Pennsylvania House Subcommittee Approves Bill to Put “In God We Trust” in Every Public School

Apr 17, 2016

Photo credit: Facebook

By Hemant Mehta

More than two years ago, Republican legislators in Pennsylvania attempted to pass a bill that would put the words “In God We Trust” in every public school — and possibly every classroom — in the state.

The goal was obvious: The government wanted students to believe in God, as if that were a good thing. It also sent the message that we live in a “Christian nation” (whatever that means).

The bill thankfully went nowhere, which is why Rep. Cris Dush (below) is now trying to do it again.

House Bill 1640 just passed the House Education Committee today. It’ll now go to the full chamber for a vote.

In a memo accompanying his bill, Dush said the motto is part of the history and heritage of the United States. He said former Pennsylvania governor James Pollock, while previously serving as director of the United States Mint in Philadelphia, who first suggested the motto on coins more than 150 years ago.

Among the justifications Dush offers for posting this in public schools?

To increase student understanding of and familiarity with American historical documents, historically important excerpts from or copies of the documents should be prominently displayed in public school buildings.

Great! Let’s get the First Amendment up there along with the Treaty of Tripoli which says the U.S. government “is not, in any sense, founded on the Christian religion.”

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14 comments on “Pennsylvania House Subcommittee Approves Bill to Put “In God We Trust” in Every Public School

  • @OP – The bill thankfully went nowhere, which is why Rep. Cris Dush (below) is now trying to do it again.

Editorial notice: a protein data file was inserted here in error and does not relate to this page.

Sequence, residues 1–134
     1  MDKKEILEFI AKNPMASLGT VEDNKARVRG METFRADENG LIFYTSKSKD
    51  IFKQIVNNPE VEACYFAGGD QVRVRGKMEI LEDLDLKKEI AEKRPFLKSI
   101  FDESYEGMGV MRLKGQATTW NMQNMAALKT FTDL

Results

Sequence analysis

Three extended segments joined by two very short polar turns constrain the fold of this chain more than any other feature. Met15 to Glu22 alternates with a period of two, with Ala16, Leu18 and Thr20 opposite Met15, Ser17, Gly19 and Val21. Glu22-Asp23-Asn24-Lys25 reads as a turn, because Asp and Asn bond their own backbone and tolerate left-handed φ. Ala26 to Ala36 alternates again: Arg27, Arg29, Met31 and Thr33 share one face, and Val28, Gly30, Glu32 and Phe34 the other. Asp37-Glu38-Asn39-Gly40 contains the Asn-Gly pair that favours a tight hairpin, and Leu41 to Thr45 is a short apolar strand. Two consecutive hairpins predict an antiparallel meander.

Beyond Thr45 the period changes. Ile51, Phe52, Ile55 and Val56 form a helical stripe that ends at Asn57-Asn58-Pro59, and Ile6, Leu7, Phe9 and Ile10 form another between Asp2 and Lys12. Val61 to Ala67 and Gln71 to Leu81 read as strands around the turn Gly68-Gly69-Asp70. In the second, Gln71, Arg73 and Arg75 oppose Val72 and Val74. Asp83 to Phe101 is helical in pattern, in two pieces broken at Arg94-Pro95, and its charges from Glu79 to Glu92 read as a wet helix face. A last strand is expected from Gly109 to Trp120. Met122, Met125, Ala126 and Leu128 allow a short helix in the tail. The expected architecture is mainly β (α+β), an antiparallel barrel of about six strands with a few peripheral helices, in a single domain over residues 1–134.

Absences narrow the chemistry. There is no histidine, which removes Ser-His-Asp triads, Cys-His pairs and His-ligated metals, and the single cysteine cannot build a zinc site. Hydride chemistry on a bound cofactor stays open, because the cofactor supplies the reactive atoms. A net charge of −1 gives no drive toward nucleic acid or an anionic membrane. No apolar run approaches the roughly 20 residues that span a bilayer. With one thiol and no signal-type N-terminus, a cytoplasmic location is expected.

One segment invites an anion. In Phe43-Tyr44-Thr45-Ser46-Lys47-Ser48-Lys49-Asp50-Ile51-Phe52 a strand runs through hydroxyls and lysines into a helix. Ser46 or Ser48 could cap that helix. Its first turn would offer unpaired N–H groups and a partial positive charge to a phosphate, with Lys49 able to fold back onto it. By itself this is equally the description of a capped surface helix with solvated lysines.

House Bill 1640 just passed the House Education Committee today. It’ll now go to the full chamber for a vote.

    Delusional voters who trust in imaginary gods with no substance in reality, are also likely to trust in delusional representatives who are selling imaginary benefits to them which also have no substance in reality: – but selling fantasy, is much easier than formulating real policies which benefit the people, and which will be tested in the real world!

    Real policies can even be inadequate or wrong and attract criticism, whereas fantasies merely remain irrelevant, but available for recycling!

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  • What I find staggering about this and America is that voters tolerate this nonsense. I would be appalled that this bill that clearly goes against the constitution would be considered, knowing full well that it will be challenged and they will loose at great expense, worse at the expense of the hideous opportunity cost lost for real issues while this pointless nonsense goes on.

    Of course I live in a country where more than 70% of the population agree with both gay marriage and euthanasia and yet we can’t get either past while conservative US has both (in the case of euthanasia only in a Oregon?) but still for all your issues you do suddenly get some things right.

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  • Gods live as delusional gap-fillers in human and individual knowledge, so it is perhaps no surprise that “know-nothings” pad out a meeting agenda with woo-promotion, rather than tackling the real issues they have been elected to develop or resolve!